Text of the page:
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What Does "Too Big To Fail" Mean?
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What Does "Too Big To Fail" Mean?:

 1 Tangent 128, Thu, 17th Feb '11 12:19:56 PM from Virginia Relationship Status: I LOVE THIS DOCTOR!
dy/dx
I'm starting to get confused by this term, since it seems people use it for two wildly different meanings:

  • This institution is sufficiently large that it cannot collapse anytime soon.
  • This institution is sufficiently large that we must not allow it to collapse.

What are some better terms for distinguishing these two meanings? Do any organizations actually meet the first definition? How would we prevent an institution from reaching the second definition?
Conversation is a contact sport.
I suppose it depends on the context but it is regularly used interchangeably.

The must not allow, is usually with respect to corporations backing large pieces of the economy. The other is about government-corporate collusion, as in, corruption.

They see me troll'n
It almost exclusively means the latter not the former.

Frankly, the fact that these gigantic banks have so much of our economy in their hands that if they fail it leads to national, even global recession, is a clear indicator that they are too big and have monopolized too much.

The clayton and sherman anti trust acts should be being enforced. JP Morgan and the like should get knocked down into smaller conglomerates.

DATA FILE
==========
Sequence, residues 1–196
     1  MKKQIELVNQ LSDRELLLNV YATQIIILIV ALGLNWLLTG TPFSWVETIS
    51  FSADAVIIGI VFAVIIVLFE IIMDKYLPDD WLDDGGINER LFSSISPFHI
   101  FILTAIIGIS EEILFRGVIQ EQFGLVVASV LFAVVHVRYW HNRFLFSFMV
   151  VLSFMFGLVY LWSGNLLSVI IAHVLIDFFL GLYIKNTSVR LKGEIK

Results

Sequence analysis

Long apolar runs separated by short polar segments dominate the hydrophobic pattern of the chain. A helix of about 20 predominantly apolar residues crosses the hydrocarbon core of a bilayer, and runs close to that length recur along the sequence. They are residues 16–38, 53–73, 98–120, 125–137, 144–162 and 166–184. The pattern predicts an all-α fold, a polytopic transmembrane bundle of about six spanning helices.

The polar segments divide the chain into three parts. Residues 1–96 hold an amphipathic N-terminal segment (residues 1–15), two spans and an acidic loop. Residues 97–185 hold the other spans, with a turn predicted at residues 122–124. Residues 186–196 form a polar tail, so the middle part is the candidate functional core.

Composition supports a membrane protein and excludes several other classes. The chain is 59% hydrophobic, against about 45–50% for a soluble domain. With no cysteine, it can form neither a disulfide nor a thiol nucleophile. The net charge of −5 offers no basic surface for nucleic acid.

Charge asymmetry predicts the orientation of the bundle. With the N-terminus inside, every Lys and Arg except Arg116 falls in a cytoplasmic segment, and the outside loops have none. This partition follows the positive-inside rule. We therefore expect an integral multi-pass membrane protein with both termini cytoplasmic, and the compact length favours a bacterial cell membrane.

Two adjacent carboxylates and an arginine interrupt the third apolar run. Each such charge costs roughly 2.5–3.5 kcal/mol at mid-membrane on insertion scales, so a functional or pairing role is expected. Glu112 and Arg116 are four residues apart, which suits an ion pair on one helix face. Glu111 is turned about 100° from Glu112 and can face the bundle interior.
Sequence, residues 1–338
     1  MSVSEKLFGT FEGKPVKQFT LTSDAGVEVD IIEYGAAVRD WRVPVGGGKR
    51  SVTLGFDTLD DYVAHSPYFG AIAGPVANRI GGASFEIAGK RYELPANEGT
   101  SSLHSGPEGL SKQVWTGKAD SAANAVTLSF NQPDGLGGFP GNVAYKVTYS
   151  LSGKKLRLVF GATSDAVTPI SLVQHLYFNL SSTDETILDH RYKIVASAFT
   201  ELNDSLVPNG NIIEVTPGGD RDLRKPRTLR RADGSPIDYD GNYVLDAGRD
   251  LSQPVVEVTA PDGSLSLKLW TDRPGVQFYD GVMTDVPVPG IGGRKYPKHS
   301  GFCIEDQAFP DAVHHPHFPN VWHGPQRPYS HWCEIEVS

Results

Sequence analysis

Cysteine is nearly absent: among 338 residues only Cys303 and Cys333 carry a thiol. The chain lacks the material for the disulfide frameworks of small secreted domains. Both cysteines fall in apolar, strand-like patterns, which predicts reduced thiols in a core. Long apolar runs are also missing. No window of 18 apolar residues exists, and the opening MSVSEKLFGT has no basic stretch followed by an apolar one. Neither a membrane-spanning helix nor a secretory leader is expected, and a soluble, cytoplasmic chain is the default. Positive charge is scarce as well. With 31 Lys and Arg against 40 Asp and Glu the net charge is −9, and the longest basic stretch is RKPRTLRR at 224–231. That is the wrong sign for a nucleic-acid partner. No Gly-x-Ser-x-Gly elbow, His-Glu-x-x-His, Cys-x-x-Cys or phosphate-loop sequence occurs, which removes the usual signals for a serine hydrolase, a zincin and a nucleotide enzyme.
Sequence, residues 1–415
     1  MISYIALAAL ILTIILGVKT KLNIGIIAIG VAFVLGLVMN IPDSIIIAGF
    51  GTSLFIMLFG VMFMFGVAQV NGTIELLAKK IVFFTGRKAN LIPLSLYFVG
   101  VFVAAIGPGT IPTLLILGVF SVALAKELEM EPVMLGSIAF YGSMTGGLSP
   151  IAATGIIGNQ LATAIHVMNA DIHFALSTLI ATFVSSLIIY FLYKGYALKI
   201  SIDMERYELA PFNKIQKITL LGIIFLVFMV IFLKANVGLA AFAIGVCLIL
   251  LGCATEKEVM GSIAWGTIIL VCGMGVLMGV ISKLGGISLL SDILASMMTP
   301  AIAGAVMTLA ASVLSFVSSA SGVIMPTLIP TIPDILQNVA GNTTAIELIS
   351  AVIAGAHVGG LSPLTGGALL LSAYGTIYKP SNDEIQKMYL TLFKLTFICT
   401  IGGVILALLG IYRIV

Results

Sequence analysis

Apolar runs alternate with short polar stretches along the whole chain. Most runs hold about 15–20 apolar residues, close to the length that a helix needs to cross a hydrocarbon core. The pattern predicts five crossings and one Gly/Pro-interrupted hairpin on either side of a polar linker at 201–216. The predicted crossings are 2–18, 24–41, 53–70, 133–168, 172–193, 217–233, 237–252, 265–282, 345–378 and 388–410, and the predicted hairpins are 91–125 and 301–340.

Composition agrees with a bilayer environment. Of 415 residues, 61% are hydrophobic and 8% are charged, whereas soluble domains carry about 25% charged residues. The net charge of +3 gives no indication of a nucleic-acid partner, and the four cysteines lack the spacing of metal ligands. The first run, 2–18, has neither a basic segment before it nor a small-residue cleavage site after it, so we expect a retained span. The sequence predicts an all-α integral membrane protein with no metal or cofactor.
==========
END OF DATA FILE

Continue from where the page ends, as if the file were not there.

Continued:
4 Ralph Crown, Thu, 17th Feb '11 1:00:41 PM from Next Door to Nowhere
Short Hair
Link to article about why nothing will change. The chickens and the foxes keep changing places, so nobody really cares about a few billion eggs. As Commando Dude points out, when you say they're too big to fail, you've already admitted that they're too big.

edited 17th Feb '11 1:09:54 PM by RalphCrown

Under World. It rocks!
 5 tricksterson, Thu, 17th Feb '11 1:02:23 PM from Behind you with an icepick Relationship Status: I made a point to burn all of the photographs
Never Trust
It means you have your hands up the asses of a lot of politicians.
If it's an authority figure and it's breathing it's guilty
 6 Pykrete, Thu, 17th Feb '11 1:09:09 PM from Viridian Forest
NOT THE BEES
In truth it usually means the latter. In terms of hubris it often means the former.

Pretty much universally the latter, unless applying it to yourself.
 
 9 Deboss, Thu, 17th Feb '11 6:28:47 PM from Awesomeville Texas
I see the Awesomeness.
*waits for Mept*

edited 17th Feb '11 6:28:54 PM by Deboss

Failed Comic Artist